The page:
IMF warns global recovery might not be sustained

October 6, 2010

, WASHINGTON, Oct 6 – Rich and emerging economies must better balance trade or risk scuttling the global economic recovery, the International Monetary Fund warned on Wednesday, as it urged reform.

In its latest economic outlook the IMF said growth would slow more than previously expected in 2011, as the United States, Europe and Japan continue to struggle and China remains overly dependent on exports.

The recovery is "neither strong nor balanced and runs the risk of not being sustained," warned Olivier Blanchard, the IMF\’s chief economist.

Painting a picture of a faltering developed world — where business is still struggling to pick up where government crisis spending left off — the IMF predicted global growth would be limited to 4.2 percent next year.

That is less than the 4.8 percent growth expected this year and 0.2 points below the IMF\’s previous forecast for 2011.

While restocking had helped growth the United States, Japan and some parts of Europe, the IMF said advanced economies were still reliant on dwindling government spending.

"For the past year or so, inventory accumulation and fiscal stimulus were driving the recovery. The first is coming to an end. The second is slowly being phased out."

While the IMF recommended some central banks continue their ultra-loose monetary policies, it warned the impact would be limited, and increased exports must take up the slack.

"Not much more can be done, and one should not expect too much from further quantitative or credit easing."

It also warned that rich countries, many of which are heavily in debt, would have to trim spending and balance their books in the medium term.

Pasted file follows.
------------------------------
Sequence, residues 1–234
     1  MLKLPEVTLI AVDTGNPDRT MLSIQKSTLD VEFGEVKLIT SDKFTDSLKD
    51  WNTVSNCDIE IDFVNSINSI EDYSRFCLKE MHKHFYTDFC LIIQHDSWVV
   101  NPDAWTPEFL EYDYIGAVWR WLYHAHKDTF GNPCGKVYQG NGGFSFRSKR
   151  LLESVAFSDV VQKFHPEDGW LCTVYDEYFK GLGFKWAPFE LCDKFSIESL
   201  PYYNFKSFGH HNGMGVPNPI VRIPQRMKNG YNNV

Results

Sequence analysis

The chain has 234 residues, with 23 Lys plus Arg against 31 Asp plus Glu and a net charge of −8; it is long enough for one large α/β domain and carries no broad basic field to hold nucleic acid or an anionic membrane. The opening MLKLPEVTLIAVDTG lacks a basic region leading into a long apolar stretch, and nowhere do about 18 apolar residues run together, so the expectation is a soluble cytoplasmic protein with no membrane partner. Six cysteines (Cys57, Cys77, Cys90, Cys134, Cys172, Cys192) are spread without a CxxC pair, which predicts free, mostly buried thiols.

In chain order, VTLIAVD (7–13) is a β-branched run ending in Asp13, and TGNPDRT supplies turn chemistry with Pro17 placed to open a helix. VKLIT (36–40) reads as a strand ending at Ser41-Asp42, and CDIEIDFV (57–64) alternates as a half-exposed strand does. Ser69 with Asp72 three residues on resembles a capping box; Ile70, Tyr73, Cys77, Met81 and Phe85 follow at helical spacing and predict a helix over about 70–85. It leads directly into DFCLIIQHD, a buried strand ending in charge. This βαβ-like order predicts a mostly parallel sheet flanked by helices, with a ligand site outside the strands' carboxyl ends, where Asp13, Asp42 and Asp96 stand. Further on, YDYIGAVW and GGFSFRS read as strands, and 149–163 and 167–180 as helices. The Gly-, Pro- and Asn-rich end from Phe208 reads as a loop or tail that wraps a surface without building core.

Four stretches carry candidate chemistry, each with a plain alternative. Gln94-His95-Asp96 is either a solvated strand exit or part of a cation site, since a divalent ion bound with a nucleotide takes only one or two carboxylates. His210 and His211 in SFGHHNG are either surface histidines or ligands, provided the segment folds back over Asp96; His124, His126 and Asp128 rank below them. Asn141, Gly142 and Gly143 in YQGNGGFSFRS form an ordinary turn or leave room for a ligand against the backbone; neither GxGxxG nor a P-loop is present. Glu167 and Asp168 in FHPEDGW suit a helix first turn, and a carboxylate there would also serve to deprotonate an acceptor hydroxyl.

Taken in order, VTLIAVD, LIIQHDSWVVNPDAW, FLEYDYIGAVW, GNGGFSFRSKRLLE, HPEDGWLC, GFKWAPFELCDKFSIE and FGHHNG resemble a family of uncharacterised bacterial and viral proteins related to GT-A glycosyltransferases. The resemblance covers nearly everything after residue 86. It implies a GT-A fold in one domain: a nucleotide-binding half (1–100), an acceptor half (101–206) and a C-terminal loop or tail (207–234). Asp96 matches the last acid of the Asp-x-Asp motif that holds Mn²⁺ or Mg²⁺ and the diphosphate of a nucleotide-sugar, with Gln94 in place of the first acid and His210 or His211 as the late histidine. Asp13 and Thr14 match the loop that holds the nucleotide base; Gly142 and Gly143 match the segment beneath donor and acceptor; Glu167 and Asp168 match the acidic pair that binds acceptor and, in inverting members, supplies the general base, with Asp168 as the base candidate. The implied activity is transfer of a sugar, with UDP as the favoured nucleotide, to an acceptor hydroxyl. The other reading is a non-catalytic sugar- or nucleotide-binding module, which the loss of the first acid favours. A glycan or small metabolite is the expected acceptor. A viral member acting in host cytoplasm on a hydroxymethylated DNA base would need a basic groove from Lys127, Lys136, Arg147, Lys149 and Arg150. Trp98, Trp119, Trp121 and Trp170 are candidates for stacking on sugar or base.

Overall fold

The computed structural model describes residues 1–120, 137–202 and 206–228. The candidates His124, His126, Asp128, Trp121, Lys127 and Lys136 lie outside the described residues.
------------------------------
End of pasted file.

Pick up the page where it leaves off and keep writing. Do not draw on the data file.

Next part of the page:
"Fiscal stimulus has to eventually give way to fiscal consolidation, and private demand must be strong enough to take the lead and sustain growth."

There was a particular warning for Europe, with "severe external financing constraints" forecast for debt-laden Greece, Ireland, Portugal and Spain.

The picture could not be more different for emerging markets like India and China, where growth continues, but is limited by an over-dependence on exports to Europe, Japan and the United States that must be addressed.

"Emerging market economies with large current account surpluses must accelerate rebalancing. This is not only in the world economy\’s interest, but also in their own."

Wading into sensitive political waters, the IMF said China must allow its currency to strengthen to boost domestic demand and reduce its reliance on exports.

"To the extent that a stronger Chinese currency eases this process, other surplus countries in the region could follow suit, which would facilitate the needed shift towards domestic sources of growth," the IMF said.

Emerging markets are expected to expand at a rate of 7.1 percent this year and 6.4 percent in 2011.

Advanced economies are expected to grow at a slower rate of 2.7 percent and 2.2 percent next year.

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